Monday, September 5, 2016

Books I'm Reading: Beethoven's Hair: An Extraordinary Historical Odyssey and a Scientific Mystery Solved

It's odd to think that a lock of Beethoven's hair made its way to San Jose, California in the 1990s. It's perhaps almost as odd that San Jose has a dedicated center of Beethoven research (at San Jose State University, where the lock—or most of it—rests today). Yet these are facts. Russel Martin's Beethoven's Hair: An Extraordinary Historical Odyssey and a Scientific Mystery Solved (Broadway Books, 2001) explains the journey from 19th century Vienna to California of an extraordinary relic: a lock of hair cut from Beethoven's corpse the day after the composer died—that is, on March 27, 1827.

The lock (apparently one of many taken from the body) was cut by a young musical prodigy, Ferdinand Hiller, who had been taken to see Beethoven on several occasions during the composer's last illness by Johann Hummel, Hiller's teacher and Beethoven's friend and fellow composer. The hair passed down through Hiller's family until the WWII years when it somehow got passed on to a doctor in the town of Gilleleje in Denmark, which became the scene of a remarkable effort to ferry Danish and other Jews out of the country (occupied by the Nazis) to safety in neutral Sweden—perhaps the most interesting part of the story Martin tells by switching back and forth between details of Beethoven's life and the fate of the lock containing Hiller's souvenir. Exactly how the hair passed into the hands of the Danish doctor remains a mystery—one the book ultimately fails fully to shed light on—, but the hair eventually came to auction at Sotheby's, in 1994, sold by the doctor's adoptive daughter for £3,600 to a group of Beethoven enthusiasts in the United States one of whom had amassed such a collection of early Beethoven scores that he persuaded San Jose State University to house his collection and build a research facility around it (the Ira F. Brilliant Center for Beethoven Studies).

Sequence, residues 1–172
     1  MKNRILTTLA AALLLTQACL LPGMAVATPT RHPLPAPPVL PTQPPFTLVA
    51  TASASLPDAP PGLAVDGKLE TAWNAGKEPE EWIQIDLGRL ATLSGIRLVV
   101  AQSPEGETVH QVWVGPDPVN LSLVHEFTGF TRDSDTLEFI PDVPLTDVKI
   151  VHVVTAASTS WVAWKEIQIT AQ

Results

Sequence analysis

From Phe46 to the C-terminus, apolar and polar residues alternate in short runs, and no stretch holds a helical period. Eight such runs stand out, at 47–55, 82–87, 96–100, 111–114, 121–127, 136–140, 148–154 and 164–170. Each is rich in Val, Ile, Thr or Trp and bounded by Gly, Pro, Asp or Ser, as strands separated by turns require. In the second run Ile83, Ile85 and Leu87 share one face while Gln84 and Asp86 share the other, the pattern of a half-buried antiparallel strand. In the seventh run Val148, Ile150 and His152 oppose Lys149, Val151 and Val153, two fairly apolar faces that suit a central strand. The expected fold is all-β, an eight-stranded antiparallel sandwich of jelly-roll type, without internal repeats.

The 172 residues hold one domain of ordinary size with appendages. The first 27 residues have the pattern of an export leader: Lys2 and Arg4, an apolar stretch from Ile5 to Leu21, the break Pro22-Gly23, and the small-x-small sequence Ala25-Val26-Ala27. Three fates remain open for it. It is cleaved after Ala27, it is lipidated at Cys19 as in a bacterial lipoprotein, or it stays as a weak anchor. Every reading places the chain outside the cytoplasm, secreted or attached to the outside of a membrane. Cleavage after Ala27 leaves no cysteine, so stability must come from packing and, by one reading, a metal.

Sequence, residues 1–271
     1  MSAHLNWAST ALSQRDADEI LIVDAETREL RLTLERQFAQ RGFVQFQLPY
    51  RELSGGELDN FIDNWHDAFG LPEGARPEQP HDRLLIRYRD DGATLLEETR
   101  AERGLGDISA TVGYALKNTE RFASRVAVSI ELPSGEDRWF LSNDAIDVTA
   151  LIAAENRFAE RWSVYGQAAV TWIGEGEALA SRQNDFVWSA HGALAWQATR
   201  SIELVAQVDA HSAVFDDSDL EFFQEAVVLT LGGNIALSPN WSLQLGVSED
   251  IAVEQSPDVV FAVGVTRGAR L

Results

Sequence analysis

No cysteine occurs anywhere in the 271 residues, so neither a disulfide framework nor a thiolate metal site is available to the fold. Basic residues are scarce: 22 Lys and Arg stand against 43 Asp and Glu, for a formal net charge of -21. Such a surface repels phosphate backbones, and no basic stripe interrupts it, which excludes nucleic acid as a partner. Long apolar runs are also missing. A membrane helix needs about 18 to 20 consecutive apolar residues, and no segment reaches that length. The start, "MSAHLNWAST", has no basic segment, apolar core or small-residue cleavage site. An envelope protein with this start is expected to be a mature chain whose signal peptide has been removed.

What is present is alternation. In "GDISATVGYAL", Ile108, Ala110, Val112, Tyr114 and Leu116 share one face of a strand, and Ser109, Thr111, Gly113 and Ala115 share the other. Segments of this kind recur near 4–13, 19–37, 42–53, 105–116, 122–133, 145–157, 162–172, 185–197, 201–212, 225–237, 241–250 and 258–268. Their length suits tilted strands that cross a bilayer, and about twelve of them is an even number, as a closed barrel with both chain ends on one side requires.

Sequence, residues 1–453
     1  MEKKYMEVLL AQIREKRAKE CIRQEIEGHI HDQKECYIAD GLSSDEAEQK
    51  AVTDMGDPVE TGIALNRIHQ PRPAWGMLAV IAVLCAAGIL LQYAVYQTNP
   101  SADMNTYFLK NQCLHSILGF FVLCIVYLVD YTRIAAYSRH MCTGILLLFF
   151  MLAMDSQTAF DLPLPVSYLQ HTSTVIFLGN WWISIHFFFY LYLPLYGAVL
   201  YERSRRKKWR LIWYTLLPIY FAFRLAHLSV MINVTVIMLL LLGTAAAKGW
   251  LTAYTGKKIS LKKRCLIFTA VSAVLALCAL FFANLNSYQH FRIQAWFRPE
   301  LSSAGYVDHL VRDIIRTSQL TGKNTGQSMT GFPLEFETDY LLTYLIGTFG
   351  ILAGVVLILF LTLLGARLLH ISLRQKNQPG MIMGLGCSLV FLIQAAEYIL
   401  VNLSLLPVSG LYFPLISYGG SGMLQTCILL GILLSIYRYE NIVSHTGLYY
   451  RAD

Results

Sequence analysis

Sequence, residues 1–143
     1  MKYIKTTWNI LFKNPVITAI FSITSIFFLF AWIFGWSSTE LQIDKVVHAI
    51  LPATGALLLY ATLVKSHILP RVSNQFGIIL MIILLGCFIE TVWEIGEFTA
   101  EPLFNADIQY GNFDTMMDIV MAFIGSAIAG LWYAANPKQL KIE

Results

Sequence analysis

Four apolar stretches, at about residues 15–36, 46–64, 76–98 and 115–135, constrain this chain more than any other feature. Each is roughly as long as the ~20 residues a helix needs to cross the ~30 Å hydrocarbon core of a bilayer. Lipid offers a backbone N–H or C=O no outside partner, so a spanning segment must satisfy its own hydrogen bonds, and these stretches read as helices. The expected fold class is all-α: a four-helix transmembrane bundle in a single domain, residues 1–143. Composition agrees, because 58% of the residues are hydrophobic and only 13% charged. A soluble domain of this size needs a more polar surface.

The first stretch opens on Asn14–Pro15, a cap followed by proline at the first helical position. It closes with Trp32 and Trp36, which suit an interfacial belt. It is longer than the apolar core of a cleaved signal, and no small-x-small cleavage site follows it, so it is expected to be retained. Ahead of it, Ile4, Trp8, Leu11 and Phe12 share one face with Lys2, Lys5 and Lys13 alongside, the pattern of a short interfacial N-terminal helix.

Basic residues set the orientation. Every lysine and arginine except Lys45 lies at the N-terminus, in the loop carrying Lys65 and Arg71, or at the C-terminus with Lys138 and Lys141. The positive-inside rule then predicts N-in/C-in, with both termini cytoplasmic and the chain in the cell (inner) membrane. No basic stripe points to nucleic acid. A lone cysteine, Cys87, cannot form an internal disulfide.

The final chapters of the book center on the chemical analyses conducted on a sample from the lock and on the painful end of Beethoven's life, providing something of a climax the story of the lock's peregrinations lacks because of the big gap in the story leading up to and during the WWII years. Testing showed two important facts: first, that Beethoven apparently eschewed painkillers despite his ill health, presumably because he preferred to seek solace in his music rather than mask his pain at the price of lucidity; and second, that he appears to have had very high levels of lead in his system when he died–which may or may not account for his deafness. Tests failed to show the presence of mercury, which would have pointed to treatment for syphilis, one theory the investigations laid to rest.

An engrossing page-turner interesting in large part because of the way it shows how coincidence and a reverence for souvenirs of the famous can link people across continents and centuries. This appears to have been a bestseller when it was new--now almost 16 years ago.

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